2. Make Payment Terms Easy to Understand
A barrier to your client’s successful payment could be your payment terms. If it’s hard to understand, and you often get questions about how much is due when, it may be time to change. People often put off tasks that are a hassle, regardless of what it is. So instead of focusing on the scope of your contracts, take some time to make the payment terms clear for those clients who don't pay on time.
This doesn’t necessarily mean you need to change your agency’s payment terms. It may be as simple as modifying some wording in your contract or explaining it more thoroughly. When a client understands the payment terms, you won’t need to answer emails and calls, and they’ll be more likely to pay on time.
3. Watch for Trouble Signs
There are some trouble signs you should lookout for when signing a client. Some of these may be bad enough to stop the process and move on, and some may still be a good client with a bit of extra work.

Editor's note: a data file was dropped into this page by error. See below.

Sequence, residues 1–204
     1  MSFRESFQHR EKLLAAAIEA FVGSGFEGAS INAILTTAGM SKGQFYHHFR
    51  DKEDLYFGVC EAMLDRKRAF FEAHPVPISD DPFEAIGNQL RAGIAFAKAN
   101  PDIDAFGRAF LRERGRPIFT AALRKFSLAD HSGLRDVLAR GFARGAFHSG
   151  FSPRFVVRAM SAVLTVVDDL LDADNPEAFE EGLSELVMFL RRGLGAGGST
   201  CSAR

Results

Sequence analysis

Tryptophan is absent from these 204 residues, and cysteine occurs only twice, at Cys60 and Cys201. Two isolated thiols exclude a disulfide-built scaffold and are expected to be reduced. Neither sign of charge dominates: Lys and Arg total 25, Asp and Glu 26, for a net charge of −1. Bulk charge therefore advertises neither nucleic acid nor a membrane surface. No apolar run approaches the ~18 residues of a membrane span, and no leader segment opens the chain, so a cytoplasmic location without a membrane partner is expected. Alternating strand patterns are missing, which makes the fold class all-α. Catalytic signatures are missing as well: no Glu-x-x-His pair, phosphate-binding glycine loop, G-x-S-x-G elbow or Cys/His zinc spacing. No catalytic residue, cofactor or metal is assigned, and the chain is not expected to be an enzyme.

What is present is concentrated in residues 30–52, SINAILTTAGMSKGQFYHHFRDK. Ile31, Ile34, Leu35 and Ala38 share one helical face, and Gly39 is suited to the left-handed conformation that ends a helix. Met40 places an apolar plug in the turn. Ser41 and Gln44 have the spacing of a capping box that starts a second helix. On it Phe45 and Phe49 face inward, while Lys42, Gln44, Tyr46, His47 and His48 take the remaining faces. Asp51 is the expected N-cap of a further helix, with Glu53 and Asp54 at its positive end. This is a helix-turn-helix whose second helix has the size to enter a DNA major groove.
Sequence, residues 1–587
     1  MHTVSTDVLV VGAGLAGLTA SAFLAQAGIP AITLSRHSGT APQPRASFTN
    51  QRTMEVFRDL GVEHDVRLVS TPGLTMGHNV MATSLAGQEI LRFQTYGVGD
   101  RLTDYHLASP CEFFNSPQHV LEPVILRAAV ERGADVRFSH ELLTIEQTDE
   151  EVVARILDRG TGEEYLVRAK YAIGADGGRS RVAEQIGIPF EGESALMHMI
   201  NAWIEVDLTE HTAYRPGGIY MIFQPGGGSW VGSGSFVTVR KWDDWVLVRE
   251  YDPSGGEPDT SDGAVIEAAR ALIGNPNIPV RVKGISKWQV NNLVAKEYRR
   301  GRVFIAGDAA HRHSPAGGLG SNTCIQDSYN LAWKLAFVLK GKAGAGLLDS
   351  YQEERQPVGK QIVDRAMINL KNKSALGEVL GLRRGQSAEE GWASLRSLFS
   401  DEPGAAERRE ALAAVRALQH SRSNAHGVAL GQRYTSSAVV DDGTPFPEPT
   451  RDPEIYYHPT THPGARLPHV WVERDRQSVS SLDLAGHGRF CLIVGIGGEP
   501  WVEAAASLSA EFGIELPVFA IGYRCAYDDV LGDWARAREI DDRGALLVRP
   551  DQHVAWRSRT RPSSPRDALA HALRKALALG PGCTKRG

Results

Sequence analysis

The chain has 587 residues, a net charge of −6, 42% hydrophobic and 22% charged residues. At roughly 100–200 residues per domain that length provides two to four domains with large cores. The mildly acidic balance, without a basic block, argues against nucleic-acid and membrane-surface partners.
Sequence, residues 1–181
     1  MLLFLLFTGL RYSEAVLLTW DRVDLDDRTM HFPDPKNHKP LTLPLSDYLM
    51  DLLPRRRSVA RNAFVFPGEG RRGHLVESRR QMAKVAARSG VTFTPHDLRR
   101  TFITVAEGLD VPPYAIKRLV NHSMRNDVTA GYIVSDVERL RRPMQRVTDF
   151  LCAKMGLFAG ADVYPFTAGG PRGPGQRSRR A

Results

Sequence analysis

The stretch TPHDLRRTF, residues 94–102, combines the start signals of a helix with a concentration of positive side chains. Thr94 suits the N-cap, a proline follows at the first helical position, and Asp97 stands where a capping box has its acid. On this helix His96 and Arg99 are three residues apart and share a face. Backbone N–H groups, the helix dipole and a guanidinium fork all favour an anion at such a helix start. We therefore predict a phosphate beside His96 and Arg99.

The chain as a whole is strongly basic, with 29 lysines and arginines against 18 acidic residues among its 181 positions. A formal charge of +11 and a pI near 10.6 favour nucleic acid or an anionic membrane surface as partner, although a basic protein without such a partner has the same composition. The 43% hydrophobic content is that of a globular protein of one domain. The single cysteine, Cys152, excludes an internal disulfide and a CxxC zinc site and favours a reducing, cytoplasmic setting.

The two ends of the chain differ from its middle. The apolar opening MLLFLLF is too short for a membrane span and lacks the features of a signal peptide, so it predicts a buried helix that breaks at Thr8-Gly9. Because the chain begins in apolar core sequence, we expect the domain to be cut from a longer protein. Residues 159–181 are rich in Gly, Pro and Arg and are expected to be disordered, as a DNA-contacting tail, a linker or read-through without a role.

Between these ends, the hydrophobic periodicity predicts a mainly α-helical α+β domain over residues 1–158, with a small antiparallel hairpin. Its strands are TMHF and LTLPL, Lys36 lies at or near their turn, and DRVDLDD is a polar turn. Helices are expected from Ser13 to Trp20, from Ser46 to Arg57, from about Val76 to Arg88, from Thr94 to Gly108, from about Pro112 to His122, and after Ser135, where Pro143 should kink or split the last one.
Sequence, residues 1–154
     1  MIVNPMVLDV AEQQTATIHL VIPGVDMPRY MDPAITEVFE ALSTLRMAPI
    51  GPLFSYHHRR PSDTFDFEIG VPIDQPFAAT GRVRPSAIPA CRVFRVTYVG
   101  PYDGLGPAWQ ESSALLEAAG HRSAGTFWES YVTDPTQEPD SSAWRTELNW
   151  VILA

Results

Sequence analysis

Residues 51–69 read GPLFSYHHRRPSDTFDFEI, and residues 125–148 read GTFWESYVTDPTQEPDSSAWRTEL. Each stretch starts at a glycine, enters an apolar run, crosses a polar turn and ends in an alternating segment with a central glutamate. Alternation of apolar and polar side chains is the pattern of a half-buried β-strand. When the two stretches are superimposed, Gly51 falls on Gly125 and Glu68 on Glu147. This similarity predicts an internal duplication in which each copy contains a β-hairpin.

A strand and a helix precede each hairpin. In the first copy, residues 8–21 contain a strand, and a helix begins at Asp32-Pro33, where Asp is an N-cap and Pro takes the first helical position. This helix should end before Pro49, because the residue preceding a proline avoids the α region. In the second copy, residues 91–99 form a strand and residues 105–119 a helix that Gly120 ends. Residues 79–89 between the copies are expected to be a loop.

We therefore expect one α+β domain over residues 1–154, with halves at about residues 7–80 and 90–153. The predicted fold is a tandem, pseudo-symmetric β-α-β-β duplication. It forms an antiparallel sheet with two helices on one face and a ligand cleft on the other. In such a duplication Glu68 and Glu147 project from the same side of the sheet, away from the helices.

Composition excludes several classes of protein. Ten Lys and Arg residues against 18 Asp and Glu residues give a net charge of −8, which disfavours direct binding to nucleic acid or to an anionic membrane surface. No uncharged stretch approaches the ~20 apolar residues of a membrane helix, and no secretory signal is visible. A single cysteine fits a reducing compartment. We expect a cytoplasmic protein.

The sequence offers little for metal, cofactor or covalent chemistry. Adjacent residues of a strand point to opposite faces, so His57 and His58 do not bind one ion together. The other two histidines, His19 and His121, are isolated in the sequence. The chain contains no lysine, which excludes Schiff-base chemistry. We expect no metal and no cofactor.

If a potential client is delaying signing the contract or changing terms multiple times, that’s not bound to change once work has started. Of course, not every client will be a breeze to work with and it happens, but you also want to keep your team’s sanity in mind.
If a company is questioning your payment terms and implying they seem unreasonable, you may want to think twice. (As long as your payment terms are reasonable, of course.) If they question your payment process now, it’s likely they won’t be eager to pay when the time comes.